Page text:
Effects of formula protein level and ratio on infant growth, plasma amino acids and serum trace elements. I. Cow's milk formula

B. Lonnerdal, C. L. Chen

Research output: Contribution to journalArticle

26 Scopus citations


The optimum level and ratios of protein to be used in cow's milk formula has recently been under discussion. Healthy term infants were fed from birth exclusively human milk or a formula that varied in protein level or whey:casein ratio: (A) 1.4 g/dl; 55:45, (B) 1.5 g/dl; 55:45, (C) 1.3 g/dl; 55:45, (D) 1.4 g/dl; 60:40, (E) 1.4 g/dl; 20:80. Infants were followed for 12 weeks and blood samples were taken at 2, 4, 8 and 12 weeks. Anthropometric indices did not show any significant differences among groups. Plasma amino acid and BUN levels of the C group were closest to the breast-fed group, while the formula with the highest protein level (B) resulted in high values for some amino acids. When comparing the formulas with 1.4 g protein/dl, the high casein group had the lowest plasma tryptophan levels. Taurine was added to all formulas at a level similar to that of breast milk; plasma taurine levels were similar for all groups. All formulas contained 0.7 mg iron and 0.7 mg zinc/dl; no differences were found among the groups in hematological indices or serum trace elements. These data show that feeding a formula with 1.3 g protein/dl and 55:45 whey:casein ratio from birth will result in growth and metabolic indices similar to those of breast-fed infants, although some plasma amino acid levels are not identical.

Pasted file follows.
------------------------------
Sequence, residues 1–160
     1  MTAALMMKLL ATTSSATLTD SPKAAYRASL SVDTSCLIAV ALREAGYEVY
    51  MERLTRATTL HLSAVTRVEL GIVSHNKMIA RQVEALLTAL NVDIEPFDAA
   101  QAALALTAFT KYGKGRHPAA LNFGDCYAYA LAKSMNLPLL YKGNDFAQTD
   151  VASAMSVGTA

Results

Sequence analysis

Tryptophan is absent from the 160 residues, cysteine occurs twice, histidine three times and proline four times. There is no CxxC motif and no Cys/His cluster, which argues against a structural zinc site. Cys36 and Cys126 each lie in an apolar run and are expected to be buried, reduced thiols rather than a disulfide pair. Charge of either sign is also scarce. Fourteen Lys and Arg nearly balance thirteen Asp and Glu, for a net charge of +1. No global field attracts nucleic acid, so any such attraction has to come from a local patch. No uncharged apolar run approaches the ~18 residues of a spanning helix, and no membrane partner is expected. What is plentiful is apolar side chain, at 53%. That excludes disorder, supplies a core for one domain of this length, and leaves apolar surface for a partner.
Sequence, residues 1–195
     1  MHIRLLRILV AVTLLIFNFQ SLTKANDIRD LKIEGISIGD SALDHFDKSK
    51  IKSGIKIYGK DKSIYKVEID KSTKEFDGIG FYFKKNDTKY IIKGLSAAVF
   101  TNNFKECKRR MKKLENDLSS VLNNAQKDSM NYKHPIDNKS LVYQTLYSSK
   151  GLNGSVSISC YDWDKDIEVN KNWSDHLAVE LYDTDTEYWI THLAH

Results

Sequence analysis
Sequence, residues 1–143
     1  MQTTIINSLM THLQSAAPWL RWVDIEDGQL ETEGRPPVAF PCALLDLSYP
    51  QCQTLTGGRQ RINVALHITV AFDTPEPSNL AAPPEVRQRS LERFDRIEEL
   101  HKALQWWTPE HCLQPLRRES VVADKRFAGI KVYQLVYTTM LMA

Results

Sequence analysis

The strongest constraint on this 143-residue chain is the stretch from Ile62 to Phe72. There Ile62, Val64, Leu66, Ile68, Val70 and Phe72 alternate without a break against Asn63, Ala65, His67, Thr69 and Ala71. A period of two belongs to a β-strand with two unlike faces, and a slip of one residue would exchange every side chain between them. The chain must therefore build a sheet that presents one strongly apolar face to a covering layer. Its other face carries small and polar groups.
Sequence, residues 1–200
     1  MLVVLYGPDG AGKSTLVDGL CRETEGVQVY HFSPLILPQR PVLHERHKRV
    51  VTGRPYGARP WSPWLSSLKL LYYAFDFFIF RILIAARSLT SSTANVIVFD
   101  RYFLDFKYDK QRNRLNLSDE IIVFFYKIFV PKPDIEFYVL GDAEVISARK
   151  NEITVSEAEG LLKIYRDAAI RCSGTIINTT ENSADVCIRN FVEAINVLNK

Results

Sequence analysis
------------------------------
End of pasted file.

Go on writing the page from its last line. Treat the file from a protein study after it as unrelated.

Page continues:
Original languageEnglish (US)
Pages (from-to)257-265
Number of pages9
JournalActa Paediatrica Scandinavica
Issue number3
StatePublished - 1990



  • Amino acids
  • Infant formula
  • Infant growth
  • Protein
  • Protein level
  • Ratio
  • Trace elements

ASJC Scopus subject areas

  • Pediatrics, Perinatology, and Child Health

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